The reason why ACHD will not install stop signs at Tybalt Drive and Montague Way in Meridian's Tuscany subdivision; yield signs to be replaced by merge signs at the intersection of State Street/Idaho 44 and Idaho 55.
Dear Road Wizard: The Tuscany subdivision in south Meridian recently had extra stop signs installed by ACHD at several intersections due to the subdivision being used by Eagle Road traffic while it was closed for bridge construction. Although the residents begged and pleaded, the stop signs were all removed once Eagle Road reopened. One "T" intersection in particular, at Tybalt Drive and Montague Way, has been the site of many near-misses and one dog death. It is a main access point for Siena Elementary. We were told by ACHD that unless the intersection had a high accident count, the stop signs aren't justified. Why does ACHD take such a hard line against what would be a very logical solution to hopefully preventing a tragedy? How can we get ACHD to change their minds?Warren
ACHD traffic engineers are not likely to reverse the decision, so please allow me to provide some insight as to why.
Drivers are well known for disobeying stop signs (some call it "rolling" through) in low-speed locations within subdivisions. Adding more signs can increase that trend, which may lead motorists to ignore stop signs at more critical locations, such as at Bown Way and Riverwalk Drive in Southeast Boise. The Idaho Statesman recorded just under four minutes of video at the intersection and only one driver made a full stop in that time. And a half-dozen drivers didn't stop at all.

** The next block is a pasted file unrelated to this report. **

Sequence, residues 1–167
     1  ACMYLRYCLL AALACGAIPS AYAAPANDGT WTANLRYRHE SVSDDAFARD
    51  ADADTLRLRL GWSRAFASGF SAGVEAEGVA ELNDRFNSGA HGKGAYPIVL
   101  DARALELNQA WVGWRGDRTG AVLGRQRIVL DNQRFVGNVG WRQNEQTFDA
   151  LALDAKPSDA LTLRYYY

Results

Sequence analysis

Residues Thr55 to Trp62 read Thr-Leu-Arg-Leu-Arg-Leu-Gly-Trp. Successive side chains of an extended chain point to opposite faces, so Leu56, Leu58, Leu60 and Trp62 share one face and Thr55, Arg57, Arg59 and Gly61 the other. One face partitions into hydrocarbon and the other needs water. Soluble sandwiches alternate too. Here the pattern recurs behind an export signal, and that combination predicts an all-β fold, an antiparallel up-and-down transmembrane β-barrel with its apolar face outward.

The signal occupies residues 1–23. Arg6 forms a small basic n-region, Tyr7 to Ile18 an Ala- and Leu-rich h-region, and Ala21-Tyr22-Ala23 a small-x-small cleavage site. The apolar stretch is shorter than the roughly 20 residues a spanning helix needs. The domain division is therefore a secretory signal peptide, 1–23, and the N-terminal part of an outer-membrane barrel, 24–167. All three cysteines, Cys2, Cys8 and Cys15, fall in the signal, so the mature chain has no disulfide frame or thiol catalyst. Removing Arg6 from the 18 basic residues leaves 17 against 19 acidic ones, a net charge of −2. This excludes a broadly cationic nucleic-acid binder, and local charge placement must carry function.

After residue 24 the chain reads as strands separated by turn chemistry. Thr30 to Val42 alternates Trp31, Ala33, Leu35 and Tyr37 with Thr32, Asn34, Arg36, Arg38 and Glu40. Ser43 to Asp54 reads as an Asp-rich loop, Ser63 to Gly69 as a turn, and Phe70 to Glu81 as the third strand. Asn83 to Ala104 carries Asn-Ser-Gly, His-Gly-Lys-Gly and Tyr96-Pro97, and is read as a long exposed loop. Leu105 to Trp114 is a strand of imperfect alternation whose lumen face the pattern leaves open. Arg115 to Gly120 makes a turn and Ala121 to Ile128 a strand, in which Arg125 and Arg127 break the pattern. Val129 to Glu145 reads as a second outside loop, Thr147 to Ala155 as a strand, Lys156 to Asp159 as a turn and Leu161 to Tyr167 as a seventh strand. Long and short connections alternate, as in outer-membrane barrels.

This is why traffic engineers apply specific analysis to the installation of stop signs. There haven't been any reported crashes at Tybalt and Montague since the subdivision was constructed about 10 years ago and the signs aren't necessary from a traffic control standpoint. Idaho Code already explains that at "T" intersections without stop signs or signals, drivers at the stem of the "T" are to stop for the through movement unless otherwise posted.
Dear Road Wizard: At the intersection of State Street/Idaho 44 and Idaho 55, there are yield signs for traffic turning west onto Idaho 44 from Idaho 55, and for traffic turning north onto Idaho 55 from Idaho 44. However, there are also long turn lanes for both of those directions. Drivers seem to ignore the yield signs, and use the long turn lanes as merging lanes. I have been stopped at the yield sign for west-turning traffic waiting for traffic to clear on Idaho 44, and have had drivers pass me on the right and proceed to merge. Why not replace the yield signs with merge signs?Robert
Great question. Yield signs at "free" right turns like these tell drivers coming out of the turns that they are obligated to yield and even stop for conflicting traffic. The signs are usually posted where there isn't meaningful merging space.
But the Idaho 44 and Idaho 55 intersection has a good amount of merging distance. For that reason, posting yield signs for the right turns at this particular location isn't the best approach. The Idaho Transportation Department will replace the yield signs with yellow "merge with traffic" signs. They will also improve some pedestrian crossing signs.
Yielding to oncoming traffic is still part of the merging process, but the new signs will make it clearer that drivers don't have to yield right where the old yield signs were posted. They can continue traveling down the merge lane and merge into mainline traffic when appropriate.
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